Online Anti-LGBTQ Hate Terms Defined: “Troon”
This entry is part of the GLAAD Guide to Anti-LGBTQ Online Hate and Disinformation, an ongoing project to identify some of the most prevalent and egregious terms, tropes, and concepts that are used to harass, attack, and spread malicious misinformation about LGBTQ people on social media. Learn more here.
The example below includes a hateful term, phrases and imagery.
“Troon” is a derogatory term, most often used as a slur for transgender women. A portmanteau of “trans” and “goon,” it implies that trans women are men, their assigned gender at birth. According to Harvard Cyberlaw Clinic instructor Alejandra Caraballo, the term first appeared on the Something Awful internet forum where users referred to themselves as “goons.” This usage became far more targeted and derisive on Kiwi Farms, a notorious anti-trans online forum known for mass-organized stalking, doxxing, stealing, and harassment, including prompting the suicides of three trans people targeted by members. The forum singled out trans and neurodivergent people as part of its harassment campaigns, which in some cases led to dangerous cases of “swatting,” where members would make false calls to law enforcement, who would show up armed to victims’ homes. (In September 2022, Cloudflare blocked the site, which signaled to other internet infrastructure providers that Kiwi Farms was a liability.) The term has reached even broader use in early 2023 as social media accounts that target trans people (such as the formerly-suspended but now re-platformed @Troonytoons Twitter account) use the term “troon” in their profile names as a signifier that they are focused on producing and circulating anti-trans meme content. The account targets trans people on Twitter by leaking personal information or calling for dogpiling campaigns, and often acts as a laundering service to push material gathered as part of networked cyberstalking campaigns on Kiwi Farms into the broader public. Explore more via GLAAD’s Guide to Anti-LGBTQ Online Hate and Disinformation
This is just one example of anti-LGBTQ online hate and disinformation. Every term and concept should be evaluated in context. For instance, LGBTQ people and allies may use hashtags with hate terms as counterspeech, or slurs such as “tranny” or “dyke” may be used self-referentially to reclaim them. This guide will be updated on an ongoing basis. Please see the latest GLAAD Social Media Safety Index report for a deeper exploration of the current social media landscape for LGBTQ people, including GLAAD’s recommendations and thought leadership in the field.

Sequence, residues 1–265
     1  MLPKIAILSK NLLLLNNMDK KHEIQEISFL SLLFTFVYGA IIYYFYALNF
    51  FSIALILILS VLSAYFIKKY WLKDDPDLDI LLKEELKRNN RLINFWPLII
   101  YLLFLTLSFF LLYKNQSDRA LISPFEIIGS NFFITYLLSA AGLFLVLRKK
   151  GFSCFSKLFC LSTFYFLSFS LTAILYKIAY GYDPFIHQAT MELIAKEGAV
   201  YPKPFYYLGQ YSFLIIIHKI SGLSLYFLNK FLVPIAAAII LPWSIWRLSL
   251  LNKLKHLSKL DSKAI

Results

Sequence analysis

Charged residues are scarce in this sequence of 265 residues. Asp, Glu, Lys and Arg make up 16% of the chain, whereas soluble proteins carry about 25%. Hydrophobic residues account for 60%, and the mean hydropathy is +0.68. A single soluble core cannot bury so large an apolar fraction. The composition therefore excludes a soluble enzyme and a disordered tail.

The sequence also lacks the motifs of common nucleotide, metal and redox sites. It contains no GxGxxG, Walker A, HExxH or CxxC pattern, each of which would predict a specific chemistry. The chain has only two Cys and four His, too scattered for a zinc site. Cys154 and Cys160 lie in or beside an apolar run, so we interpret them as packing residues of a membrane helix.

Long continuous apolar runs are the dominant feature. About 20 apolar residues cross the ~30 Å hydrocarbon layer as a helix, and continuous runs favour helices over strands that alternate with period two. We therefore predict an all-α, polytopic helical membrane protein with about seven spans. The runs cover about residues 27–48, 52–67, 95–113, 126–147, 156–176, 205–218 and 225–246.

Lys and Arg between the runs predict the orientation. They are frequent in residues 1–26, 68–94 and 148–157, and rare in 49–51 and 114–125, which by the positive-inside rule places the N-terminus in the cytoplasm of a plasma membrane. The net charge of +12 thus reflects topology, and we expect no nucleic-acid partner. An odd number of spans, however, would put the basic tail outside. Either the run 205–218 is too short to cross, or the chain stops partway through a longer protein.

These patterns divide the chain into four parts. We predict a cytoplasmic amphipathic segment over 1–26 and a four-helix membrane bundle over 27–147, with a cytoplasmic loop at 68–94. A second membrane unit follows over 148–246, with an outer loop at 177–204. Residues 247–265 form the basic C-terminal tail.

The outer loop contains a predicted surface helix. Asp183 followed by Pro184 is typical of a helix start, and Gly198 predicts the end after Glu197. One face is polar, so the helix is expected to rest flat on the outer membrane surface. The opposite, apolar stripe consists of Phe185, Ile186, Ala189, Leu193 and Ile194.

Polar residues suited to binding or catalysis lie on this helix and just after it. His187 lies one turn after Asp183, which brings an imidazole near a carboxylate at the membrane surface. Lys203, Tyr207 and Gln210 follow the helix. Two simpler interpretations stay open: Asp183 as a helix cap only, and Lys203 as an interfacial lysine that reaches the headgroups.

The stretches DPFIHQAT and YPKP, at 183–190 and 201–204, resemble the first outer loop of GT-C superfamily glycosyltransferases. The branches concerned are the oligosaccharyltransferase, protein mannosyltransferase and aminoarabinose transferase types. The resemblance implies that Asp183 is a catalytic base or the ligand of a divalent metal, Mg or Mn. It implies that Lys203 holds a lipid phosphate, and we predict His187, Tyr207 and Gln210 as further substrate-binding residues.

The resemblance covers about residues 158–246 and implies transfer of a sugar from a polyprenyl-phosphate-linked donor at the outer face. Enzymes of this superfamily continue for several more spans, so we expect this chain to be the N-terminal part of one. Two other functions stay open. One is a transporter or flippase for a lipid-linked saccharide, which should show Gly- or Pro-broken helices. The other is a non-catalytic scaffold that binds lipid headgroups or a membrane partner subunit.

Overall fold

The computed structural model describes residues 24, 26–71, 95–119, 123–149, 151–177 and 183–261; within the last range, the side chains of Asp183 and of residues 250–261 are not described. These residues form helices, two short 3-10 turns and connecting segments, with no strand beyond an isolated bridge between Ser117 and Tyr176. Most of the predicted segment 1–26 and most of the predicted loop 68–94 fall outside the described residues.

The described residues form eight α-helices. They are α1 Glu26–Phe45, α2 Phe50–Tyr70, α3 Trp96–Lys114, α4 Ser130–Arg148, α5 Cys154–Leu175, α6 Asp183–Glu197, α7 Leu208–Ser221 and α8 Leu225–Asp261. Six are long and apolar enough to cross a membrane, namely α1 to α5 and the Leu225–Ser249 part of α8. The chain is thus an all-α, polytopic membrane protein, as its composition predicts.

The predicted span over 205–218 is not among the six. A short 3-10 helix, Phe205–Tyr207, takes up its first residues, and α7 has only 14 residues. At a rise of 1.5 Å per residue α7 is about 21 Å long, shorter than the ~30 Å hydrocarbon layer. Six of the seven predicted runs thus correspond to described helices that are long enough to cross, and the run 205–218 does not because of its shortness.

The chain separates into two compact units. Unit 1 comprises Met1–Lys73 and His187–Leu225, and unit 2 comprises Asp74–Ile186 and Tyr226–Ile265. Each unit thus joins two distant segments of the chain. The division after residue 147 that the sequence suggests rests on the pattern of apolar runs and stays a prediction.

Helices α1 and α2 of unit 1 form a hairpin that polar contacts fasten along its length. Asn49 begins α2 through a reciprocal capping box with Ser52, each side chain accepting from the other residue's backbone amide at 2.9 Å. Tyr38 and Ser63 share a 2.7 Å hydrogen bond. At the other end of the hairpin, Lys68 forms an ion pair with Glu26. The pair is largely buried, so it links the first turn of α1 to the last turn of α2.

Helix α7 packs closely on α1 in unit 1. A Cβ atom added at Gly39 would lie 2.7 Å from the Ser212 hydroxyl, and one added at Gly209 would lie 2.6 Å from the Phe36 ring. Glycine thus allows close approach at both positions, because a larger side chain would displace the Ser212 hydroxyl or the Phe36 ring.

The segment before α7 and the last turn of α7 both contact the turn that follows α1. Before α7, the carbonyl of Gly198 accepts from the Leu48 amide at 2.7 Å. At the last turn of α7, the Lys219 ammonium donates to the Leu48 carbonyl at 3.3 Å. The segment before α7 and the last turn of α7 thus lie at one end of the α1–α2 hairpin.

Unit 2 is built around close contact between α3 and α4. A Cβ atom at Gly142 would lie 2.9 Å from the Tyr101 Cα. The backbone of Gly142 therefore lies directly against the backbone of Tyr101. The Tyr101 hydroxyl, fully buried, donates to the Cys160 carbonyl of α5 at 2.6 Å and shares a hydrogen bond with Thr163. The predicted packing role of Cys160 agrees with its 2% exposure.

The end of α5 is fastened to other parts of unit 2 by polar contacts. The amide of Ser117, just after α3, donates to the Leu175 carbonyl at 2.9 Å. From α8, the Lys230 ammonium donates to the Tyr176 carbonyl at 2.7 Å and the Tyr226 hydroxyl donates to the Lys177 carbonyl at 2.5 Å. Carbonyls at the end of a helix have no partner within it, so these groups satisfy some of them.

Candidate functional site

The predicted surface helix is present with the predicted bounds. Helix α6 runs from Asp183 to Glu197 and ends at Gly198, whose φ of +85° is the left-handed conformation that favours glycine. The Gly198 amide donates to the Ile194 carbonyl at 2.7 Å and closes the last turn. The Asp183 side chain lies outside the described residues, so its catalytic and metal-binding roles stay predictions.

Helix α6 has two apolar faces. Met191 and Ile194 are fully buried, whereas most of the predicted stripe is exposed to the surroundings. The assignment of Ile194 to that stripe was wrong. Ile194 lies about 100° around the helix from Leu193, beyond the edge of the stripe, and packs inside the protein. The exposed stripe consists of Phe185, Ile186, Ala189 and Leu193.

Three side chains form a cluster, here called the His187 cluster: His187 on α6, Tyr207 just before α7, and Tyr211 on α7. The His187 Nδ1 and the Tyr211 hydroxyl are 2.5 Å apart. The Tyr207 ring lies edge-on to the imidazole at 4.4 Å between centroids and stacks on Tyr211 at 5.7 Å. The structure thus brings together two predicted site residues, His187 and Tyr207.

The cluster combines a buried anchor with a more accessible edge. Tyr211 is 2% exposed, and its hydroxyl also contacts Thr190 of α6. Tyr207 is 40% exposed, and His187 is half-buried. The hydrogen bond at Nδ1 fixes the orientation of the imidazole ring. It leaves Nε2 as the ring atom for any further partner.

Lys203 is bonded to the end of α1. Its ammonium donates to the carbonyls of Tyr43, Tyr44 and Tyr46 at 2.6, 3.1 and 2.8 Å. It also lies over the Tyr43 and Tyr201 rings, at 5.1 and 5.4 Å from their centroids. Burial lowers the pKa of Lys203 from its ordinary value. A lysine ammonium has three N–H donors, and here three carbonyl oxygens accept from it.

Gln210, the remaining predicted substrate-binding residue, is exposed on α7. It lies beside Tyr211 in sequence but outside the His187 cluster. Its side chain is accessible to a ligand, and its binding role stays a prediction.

How to Report Anti-LGBTQ Online Hate Speech and Harassment
Every major social media platform has policies which prohibit hate and harassment on the basis of protected characteristics, including sexual orientation and gender identity. To learn how to report potentially violative content, check out GLAAD’s LGBTQ Digital Safety Guide, which includes basic tips on helping our community be more safe online.
A Note of Acknowledgement
GLAAD is grateful to the many organizations and individuals doing this important work. We especially want to acknowledge the team at Harvard University’s Shorenstein Center and the ADL’s Hate On Display™: Hate Symbols Database, which has served as a model for this project.
About the GLAAD Social Media Safety Program
As the leading national LGBTQ media advocacy organization GLAAD is working every day to hold tech companies and social media platforms accountable, and to secure safe online spaces for LGBTQ people. GLAAD’s Social Media Safety program actively researches, monitors and reports on a variety of issues facing LGBTQ social media users — with a focus on safety, privacy and expression — advocating for solutions in numerous realms: online hate and harassment, AI bias, polarizing algorithms, data privacy, and more. The annual Social Media Safety Index (SMSI) provides recommendations for the industry at large and reports on LGBTQ user safety across the five major social media platforms: Facebook, Instagram, Twitter, YouTube, and TikTok. Learn more by reading the annual GLAAD Social Media Safety Index & Platform Scorecard.